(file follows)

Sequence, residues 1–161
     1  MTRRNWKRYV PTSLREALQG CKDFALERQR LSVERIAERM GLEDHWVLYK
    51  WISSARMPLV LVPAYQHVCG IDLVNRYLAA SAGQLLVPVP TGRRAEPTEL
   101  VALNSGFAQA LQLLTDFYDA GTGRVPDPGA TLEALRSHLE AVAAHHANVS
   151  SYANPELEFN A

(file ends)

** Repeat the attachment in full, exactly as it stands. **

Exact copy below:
Sequence, residues 1–161
     1  MTRRNWKRYV PTSLREALQG CKDFALERQR LSVERIAERM GLEDHWVLYK
    51  WISSARMPLV LVPAYQHVCG IDLVNRYLAA SAGQLLVPVP TGRRAEPTEL
   101  VALNSGFAQA LQLLTDFYDA GTGRVPDPGA TLEALRSHLE AVAAHHANVS
   151  SYANPELEFN A